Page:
Whether stakeholders in the electricity business on Australia’s east coast are looking forward to 2015 depends entirely on where they are standing.
If their patch is power generation, they are an unhappy bunch with little expectation that the new year will bring them any real relief.
If their focus is power delivery, 2015 promises a roller-coaster ride, as new regulatory rules impact on network spending and revenue-raising in an environment where still-sliding demand and still-growing household investment in rooftop solar are critical factors. The appetite of politicians to embrace significant tariff restructuring also remains a big question mark.
If they are Coalition governments in New South Wales and Queensland, and therefore custodians of substantial power network assets, re-election in the first half of the new year will open the door to a major privatisation push capable of delivering tens of billions of dollars.
If they are energy retailers, deregulation of power prices in NSW and south-eastern Queensland is delivering fresh opportunities in a fiercely competitive east coast market where the three large players pursue bigger shares and a handful of smaller players chase fringe opportunities.
If they are householders, power bills seem likely to be marginally less of a pain but the challenge of pursuing the best deal in direct dealing with retailers remains a hassle for many.
For manufacturers, who still make up around a quarter of the power market, just about everything relating to supply costs remains an irritant. While the Abbott government’s removal of the carbon tax was a big plus in 2014, the likelihood of a major change to the renewable energy target is fading and agitation for major network surgery remains a priority.
For the substantial number of energy-intensive businesses with gas as an important fuel, the added threats of big price rises and (in NSW) winter supply shortfalls later this decade are a real and present danger to continuing operations.
For Labor and Coalition politicians, 2015 can deliver no escape from the heavy hand of energy politics.
Green games aside, with a RET decision high on the agenda of federal politics in the first half of the new year along with the need to address Australia’s carbon abatement ambitions ahead of the Paris climate change summit next December, the pressure is mounting for jurisdictions to deliver a coherent, bipartisan overall energy approach for the long term.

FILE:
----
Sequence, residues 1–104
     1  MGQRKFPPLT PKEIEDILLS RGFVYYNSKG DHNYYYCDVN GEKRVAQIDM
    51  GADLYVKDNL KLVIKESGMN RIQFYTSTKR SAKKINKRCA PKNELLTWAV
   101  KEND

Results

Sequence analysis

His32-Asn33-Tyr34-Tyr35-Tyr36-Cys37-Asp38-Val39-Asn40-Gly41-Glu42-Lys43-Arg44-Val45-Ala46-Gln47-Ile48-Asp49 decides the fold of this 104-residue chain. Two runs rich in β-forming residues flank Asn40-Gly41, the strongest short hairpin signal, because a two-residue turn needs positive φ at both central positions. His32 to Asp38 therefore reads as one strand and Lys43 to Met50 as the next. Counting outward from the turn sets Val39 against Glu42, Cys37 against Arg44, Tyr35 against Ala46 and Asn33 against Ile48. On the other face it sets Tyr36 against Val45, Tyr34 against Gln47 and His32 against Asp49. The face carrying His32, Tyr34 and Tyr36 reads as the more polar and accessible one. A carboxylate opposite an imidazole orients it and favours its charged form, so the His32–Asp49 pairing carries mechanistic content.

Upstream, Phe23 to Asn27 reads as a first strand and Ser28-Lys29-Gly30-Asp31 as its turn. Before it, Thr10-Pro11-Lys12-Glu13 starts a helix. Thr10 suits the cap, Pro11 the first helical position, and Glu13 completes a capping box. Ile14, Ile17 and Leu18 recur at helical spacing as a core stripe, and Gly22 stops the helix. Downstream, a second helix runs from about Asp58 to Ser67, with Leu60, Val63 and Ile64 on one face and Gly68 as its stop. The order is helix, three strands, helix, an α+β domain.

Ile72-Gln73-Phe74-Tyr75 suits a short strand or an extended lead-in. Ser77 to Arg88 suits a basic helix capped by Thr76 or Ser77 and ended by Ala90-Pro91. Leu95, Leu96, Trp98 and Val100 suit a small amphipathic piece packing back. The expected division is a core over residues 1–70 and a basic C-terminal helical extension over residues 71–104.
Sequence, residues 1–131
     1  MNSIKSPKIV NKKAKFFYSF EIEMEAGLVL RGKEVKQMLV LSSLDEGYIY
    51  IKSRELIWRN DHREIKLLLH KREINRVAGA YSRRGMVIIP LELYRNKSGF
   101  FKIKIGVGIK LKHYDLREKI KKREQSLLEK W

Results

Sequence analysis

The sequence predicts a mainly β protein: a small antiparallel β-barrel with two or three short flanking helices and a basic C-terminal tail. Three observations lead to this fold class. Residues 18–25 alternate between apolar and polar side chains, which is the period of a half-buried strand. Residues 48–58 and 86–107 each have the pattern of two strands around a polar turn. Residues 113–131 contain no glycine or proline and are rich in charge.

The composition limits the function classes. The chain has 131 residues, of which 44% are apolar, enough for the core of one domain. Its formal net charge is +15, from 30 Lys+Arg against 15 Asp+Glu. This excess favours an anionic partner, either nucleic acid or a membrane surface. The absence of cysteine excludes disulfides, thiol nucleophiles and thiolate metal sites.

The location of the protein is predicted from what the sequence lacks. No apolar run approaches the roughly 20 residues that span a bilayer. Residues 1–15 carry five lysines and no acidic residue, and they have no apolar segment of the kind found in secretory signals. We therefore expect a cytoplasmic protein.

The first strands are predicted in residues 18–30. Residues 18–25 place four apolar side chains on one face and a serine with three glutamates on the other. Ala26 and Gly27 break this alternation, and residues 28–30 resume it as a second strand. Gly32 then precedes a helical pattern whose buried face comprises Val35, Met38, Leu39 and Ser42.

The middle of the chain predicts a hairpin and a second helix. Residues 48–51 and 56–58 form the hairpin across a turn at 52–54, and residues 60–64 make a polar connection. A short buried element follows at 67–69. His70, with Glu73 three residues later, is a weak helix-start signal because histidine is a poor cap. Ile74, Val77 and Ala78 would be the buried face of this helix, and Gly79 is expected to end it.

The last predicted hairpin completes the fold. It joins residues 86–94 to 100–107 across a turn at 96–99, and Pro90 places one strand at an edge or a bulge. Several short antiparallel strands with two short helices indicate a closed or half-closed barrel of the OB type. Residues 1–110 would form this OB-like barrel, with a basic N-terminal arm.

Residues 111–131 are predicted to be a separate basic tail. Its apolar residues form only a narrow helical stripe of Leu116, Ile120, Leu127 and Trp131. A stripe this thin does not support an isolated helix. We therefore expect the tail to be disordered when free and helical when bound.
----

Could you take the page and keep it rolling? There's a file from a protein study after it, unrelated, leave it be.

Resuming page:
This applies equally to electricity and gas policies. The business submissions to the energy white paper task force contain a high level of demand for federal and state governments to put an end to the policy drift of almost a decade.
The pressure to lead this sea change, including promoting a new collective approach through the Council of Australian Governments, falls most heavily on the Abbott government, which needs to deliver a white paper in 2015 that is qualitatively streets ahead of its 2014 green paper effort.
For the trade union movement, meanwhile, 2015 may represent the final frontier in its war against power privatisation which began in the early 1990s.
Coalition victories in the NSW and Queensland state elections will bring on swift efforts to sell network assets, with the numbers in NSW’s Legislative Assembly the only barrier to completing a process launched by Bob Carr and Michael Egan a decade ago.
This brings us to the final stakeholder on our list: the money-lenders.
Nothing gets done in the electricity supply game unless the suppliers can find financiers willing to back them at bearable lending rates.
The Energy Supply Association, using research undertaken by PricewaterhouseCoopers, is pointing out that east coast electricity generation has become “almost unbankable as a result of ongoing policy uncertainty and intervention over the past decade.”
PwC says chronically weak wholesale electricity prices are the major inhibitor to any new thermal or renewable generation project obtaining finance today.
On the other hand, the banks are ready, willing and able to support network privatisation.
PwC reports that banks “express significant appetite to underwrite the expected $5 billion to $12bn of debt per (network) transaction” that will be required in NSW and Queensland.
Finally, as you settle down to turkey and pudding on Christmas Day, spare a thought for the employees of the NSW network businesses: as many as 4,600 of them face the axe, their employer says, if the Australian Energy Regulator perseveres with the draft revenue determination for 2014 to 2019 that it released at the end of November. The AER will make its final determination in May.